Search billions of records on

a m e r i c a n   l o c a l   h i s t o r y   n e t w o r k   w y o m i n g   w e b s i t e


Home Contents Fast Facts Interactive Map Counties Communities Genealogy Writings Museums Historic Sites National Parks Libraries Images Links! Links! Links!


Occurred Thirty-Three Years Ago in July

By Adrian Reynolds

From  The Daily Reminder, 20 June 1936

It was late afternoon, and the lone horseman on Twin Buttes looked down into Silver Creek – and one look was enough. The quirt and spurs were applied to his mount, and to use his own words in later years, he was “gone from here now,” but not towards the long string of horsemen that stretched out along the trail far below.

Score after score of cowmen were headed for the sheep camps in Silver Creek basin, carrying death and destruction in their march, for at last the sheepmen had crossed to the east side of East Fork River, the deadline over which the woolies had been forbidden to pass. But the rider wasn’t headed to warn the men in danger. He was riding to protect his own herds and his own life, to make sure that he would be at home should the riders decide to extend their retaliative measures west of the deadline.

Unknowing that their invasion was noted, almost two hundred cow-waddies went their way, armed, and bent upon establishing fear in the heart of the invaders of their range. From Brown’s Hole, almost two hundred miles to the south, from the Green River, the Sandies, from the New Fork Valley, from Jackson’s Hole – they had been summoned so that the sheepmen might know that sheep were not wanted on the mountain ranges.

Their march was perfectly timed so that it was dark when they rode out of the forest into the beautiful park at the head of Silver Creek basin, guns drawn and ready for action, that night of July 18, 1903. Asleep in the tents were the sheep herders of Smail, Peterson and Sedgewick, who held the major part of the sheep which had been bedded down for the night in the luscious meadows of the mountain region.

Hard, determined faces were back of the guns that commanded the herders out of their beds and put them out in the night, to be bound and held prisoners during the gory scenes that followed.

Fully five thousand sheep were corralled before the butchery started. Hundreds were driven into the corners of corrals and smothered to death, while clubs, knives and guns continued through the night to do their bloody work among the unwanted woolies. By dawn, not a sheep remained alive, and the ten score riders turned the edge of the lake bloody with their ablutions.

The herders and sheepmen who were held as prisoners were taken to the top of the ridge and told to head out of the country, never to return. It is told that one herder, Sam Guiterez, broke away and started to run for his horse, when a rider rode him down, shooting him in the head. The remainder of the prisoners, disheartened by the ruthlessness of the killing, marched docilely on their way, to reach the Lamoreaux meadows and send word to Rock Springs of their plight.

As expeditiously and quietly as the host had gathered, it scattered and disappeared, its members to remain unknown save to each other and to the little handful of their prisoners, who dared say nothing of the identities they had discovered. And so ended the greatest raid ever conducted in Wyoming by cattlemen against the sheepmen. For more than two years, the lesson had its effect, and cattlemen were unmolested on the east side of the East Fork, until Uncle Sam, having had his attention called to the situation, investigated and established the forest reserve. Thereafter the region was carried on under the permit system.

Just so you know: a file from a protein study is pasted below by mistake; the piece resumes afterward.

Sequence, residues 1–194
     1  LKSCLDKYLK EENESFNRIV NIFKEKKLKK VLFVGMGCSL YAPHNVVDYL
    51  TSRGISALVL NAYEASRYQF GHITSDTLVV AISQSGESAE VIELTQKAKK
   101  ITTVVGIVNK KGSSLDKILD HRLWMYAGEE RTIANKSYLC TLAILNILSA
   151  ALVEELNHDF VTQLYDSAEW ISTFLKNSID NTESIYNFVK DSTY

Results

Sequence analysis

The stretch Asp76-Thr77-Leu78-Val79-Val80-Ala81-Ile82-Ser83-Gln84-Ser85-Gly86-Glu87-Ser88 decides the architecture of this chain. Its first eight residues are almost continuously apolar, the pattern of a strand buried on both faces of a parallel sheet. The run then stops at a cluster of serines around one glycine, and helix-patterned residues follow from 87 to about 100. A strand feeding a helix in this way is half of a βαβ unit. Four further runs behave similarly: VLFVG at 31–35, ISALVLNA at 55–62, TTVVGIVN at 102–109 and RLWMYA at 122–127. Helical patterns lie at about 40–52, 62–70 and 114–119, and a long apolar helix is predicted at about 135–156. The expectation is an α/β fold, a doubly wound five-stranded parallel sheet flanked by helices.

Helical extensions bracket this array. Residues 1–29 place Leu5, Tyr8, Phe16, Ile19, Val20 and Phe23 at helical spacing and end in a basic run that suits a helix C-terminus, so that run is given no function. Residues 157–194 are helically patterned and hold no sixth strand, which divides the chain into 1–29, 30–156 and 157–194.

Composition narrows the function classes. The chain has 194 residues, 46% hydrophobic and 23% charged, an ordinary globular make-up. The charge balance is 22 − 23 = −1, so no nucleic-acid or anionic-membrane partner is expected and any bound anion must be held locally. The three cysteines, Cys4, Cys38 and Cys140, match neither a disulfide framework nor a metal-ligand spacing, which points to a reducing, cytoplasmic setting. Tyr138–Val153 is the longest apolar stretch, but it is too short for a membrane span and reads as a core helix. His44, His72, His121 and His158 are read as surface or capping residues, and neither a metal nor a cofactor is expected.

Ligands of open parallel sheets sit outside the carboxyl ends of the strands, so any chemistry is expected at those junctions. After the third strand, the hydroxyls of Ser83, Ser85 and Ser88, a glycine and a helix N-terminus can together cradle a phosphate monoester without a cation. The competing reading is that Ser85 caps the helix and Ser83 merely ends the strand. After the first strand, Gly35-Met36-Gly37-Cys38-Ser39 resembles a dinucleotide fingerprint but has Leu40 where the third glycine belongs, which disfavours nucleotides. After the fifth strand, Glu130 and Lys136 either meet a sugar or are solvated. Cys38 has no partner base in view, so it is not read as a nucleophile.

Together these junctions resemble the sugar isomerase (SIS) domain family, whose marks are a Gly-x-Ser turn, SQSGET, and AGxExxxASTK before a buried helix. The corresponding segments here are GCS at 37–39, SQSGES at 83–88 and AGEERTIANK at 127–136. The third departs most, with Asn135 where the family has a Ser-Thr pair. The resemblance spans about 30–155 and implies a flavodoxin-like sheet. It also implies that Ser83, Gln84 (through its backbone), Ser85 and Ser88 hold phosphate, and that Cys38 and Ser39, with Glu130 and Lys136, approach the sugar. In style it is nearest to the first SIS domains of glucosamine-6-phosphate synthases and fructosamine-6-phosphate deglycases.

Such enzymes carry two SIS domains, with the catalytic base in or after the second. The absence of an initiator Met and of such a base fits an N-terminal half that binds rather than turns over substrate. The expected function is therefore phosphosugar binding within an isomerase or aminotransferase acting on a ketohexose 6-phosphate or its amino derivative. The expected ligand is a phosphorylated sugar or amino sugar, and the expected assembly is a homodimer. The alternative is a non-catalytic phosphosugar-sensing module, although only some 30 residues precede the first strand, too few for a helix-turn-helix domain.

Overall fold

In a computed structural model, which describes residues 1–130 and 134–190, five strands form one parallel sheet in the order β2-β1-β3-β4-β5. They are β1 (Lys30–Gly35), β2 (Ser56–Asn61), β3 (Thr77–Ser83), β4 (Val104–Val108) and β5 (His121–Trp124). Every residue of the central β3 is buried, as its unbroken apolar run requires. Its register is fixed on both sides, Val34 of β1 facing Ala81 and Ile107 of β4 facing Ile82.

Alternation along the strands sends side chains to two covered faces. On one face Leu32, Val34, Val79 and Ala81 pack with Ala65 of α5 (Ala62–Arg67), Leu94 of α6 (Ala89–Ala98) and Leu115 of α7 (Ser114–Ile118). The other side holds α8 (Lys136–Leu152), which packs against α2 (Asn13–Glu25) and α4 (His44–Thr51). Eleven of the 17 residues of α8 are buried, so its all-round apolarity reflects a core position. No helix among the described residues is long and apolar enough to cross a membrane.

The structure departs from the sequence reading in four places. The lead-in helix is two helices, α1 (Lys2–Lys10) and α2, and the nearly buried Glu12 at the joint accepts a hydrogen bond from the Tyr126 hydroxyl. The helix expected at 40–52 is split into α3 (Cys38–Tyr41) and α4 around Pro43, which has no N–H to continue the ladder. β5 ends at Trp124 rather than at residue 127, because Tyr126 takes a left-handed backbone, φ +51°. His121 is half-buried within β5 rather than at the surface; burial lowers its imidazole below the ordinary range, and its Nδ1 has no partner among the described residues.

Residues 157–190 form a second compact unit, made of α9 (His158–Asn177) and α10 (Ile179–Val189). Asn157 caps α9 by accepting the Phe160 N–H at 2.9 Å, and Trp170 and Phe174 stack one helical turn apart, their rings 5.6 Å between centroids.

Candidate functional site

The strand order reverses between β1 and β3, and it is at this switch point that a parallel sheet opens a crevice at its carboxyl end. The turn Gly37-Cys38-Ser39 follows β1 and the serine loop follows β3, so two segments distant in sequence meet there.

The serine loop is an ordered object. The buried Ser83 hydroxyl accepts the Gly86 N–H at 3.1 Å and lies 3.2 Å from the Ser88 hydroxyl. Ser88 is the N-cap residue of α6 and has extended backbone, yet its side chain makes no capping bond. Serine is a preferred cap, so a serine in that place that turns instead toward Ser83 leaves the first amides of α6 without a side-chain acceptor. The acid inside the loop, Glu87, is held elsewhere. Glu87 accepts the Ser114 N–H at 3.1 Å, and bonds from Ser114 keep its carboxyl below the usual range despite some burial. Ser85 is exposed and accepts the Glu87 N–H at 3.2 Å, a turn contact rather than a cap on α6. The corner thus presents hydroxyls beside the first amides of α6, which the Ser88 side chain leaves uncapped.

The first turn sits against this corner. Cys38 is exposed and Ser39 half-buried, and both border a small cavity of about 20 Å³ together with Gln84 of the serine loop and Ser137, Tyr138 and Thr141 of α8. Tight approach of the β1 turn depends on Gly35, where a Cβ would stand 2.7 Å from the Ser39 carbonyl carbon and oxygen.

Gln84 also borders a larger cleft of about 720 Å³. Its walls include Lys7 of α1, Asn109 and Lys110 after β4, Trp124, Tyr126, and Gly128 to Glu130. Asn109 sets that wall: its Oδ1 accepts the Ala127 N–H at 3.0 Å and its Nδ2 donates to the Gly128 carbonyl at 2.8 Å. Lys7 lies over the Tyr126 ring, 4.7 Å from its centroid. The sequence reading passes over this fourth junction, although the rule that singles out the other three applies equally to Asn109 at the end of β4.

In the fall of 1903 came an anti-climax to the whole affair. An easterner, hunting elk at the head of Silver Creek in company with a guide, saw a tent in the waters of the lake. With difficulty, they managed to haul the bundle out of the water and open it. A ghastly sight met their eyes – the body of Guiterez. Cognizant of the law, the gruesome package was left by the lakeside and the men rode into Boulder, from whence they telephoned to the coroner and sheriff of Fremont County, at Lander. It was three days before the officers could arrive – and in the meantime someone had discovered the find and spirited it away, tent, body and all.

The heaviest losers in the raid were C. M. Peterson and Len Sedgwick, who lost forty-four hundred head of woolies, it has been stated.

War between the sheepmen and the cattlemen was waged on the range of Wyoming for many years, another great raid being conducted on the Nowood, near Tensleep, at the foot of the Big Horn Mountains, while the warfare was incessant along the southern border line of the state. In the early days, Jack Edwards drove a band of sheep into the very heart of the range country – the region near Baggs, Wyoming.

The cattlemen immediately went into action and visited Edwards at his sheep wagon. Edwards refused to move, and the cowmen hoisted his wagon tongue high into the air and swung a noose from its end. The noose was placed around Edwards’ neck and he was suspended in air until almost dead, then lowered, and given the opportunity to save his life by getting his sheep clear out of the country. He was an obstinate cuss and refused again. A second time he was hoisted clear of the ground by his neck – and this time the cowmen almost forgot to take him down in time to save his life. But the sheepman was thoroughly frightened by this time and when he was able to speak, promised fervently to quit the Baggs vicinity.

Website Designed by

s m a r t y c a t

Last Updated April 2005

Copyright 2001-2005 -- All Rights Reserved

American Local History Network -- Wyoming Website -- Cynde Georgen, Coordinator

Contact Us